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  • louise
    A nation of slaves is always prepared to applaud the clemency of their master who, in the abuse of absolute power, does not proceed to the last extremes of
    Message 1 of 1 , Jul 2, 2004
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      "A nation of slaves is always prepared to applaud the clemency of
      their master who, in the abuse of absolute power, does not proceed
      to the last extremes of injustice and oppression."
      (Edward Gibbon, Decline and Fall of the Roman Empire, Ch. XXVIII,
      Everyman edition, O.U.P. Vol. 3, p243)

      Conscious existentialism may be currently the preserve of the few,
      but the will to survive of those few, combined with that basic
      goodness and integrity which is hiding in all populations, and which
      can achieve such great things once it gets its chance to rise
      unintimidated to the surface, yes, these things may indeed set us
      free. Speaking as a British patriot, and at this point in history
      that means I owe my allegiance to the crown and that I consider
      Ulster to be an integral part of my nation, I think there is a sense
      in which symbolically we as a people have allowed ourselves to drift
      into slavery, I suppose, unconscious existential slavery. By
      historical happenstance I think the British are uniquely placed to
      practice what I have called perceptual imperialism. The qualifying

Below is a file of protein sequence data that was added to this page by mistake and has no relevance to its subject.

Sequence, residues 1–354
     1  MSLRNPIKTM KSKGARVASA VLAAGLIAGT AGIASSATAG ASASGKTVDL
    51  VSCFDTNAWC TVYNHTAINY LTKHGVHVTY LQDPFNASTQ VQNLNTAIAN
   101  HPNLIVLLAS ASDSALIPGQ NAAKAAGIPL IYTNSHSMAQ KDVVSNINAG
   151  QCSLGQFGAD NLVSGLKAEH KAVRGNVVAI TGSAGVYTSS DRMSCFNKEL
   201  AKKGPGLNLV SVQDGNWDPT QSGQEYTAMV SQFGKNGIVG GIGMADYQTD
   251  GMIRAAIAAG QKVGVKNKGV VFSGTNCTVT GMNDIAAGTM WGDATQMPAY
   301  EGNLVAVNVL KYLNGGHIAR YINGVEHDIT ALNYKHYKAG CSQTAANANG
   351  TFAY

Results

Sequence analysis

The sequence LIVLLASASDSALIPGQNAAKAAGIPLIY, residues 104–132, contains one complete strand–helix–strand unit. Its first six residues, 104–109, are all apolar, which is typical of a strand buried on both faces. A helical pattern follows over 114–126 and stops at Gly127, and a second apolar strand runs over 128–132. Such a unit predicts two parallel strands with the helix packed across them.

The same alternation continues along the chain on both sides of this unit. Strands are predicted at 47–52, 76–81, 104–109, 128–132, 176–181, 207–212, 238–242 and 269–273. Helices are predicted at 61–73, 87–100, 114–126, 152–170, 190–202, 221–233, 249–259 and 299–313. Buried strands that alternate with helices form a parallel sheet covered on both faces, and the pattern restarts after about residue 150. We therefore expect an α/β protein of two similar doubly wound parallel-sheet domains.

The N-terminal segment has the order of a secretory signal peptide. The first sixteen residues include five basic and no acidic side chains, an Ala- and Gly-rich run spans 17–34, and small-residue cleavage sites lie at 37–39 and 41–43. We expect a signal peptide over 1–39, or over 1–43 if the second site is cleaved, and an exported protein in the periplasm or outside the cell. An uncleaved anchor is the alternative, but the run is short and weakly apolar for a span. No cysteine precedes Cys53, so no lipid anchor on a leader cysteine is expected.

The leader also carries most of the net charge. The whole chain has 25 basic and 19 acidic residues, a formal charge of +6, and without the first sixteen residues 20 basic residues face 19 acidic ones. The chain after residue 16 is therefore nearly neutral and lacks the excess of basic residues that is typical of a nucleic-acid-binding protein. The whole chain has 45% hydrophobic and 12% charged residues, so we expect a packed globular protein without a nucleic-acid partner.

word perceptual is here vital - in other words, I refer to a process
      of persuasion, between human beings, compatible with but somewhat
      antagonistic to current parliamentary democracy, with its sloth and
      spiritual corruptions. And this inter-human persuasion must
      ultimately be founded in absolute cultural-spiritual reality, that
      manifests, for all to see, in respectful dealings, truth-telling in
      business and public life, and so on. Certain kinds of
      philosophising may form a bridge between the solitary existentialism
      of an elite - who may or may not deserve that title (and I would
      hardly call our current political elites notably existentialist at
      all ...)- and the aspirations of the many. I have stated before
      that my own trust lies in 'love, and do what thou wilt', rather than
      in being careful. But these are all words, and have no value to
      others reading them unless there is a certain kind of receptiveness
      in the reader, something I always wish for, but of which there is
      never any guarantee. And it works the other way, that I seek out
      the words of others, to find a comprehension, an opening up, and
      sometimes hopes are raised and dashed again. C'est la vie?
      D'accord. L'ours est douce. Quel ours?
      Sorry for fatigue.

      Louise
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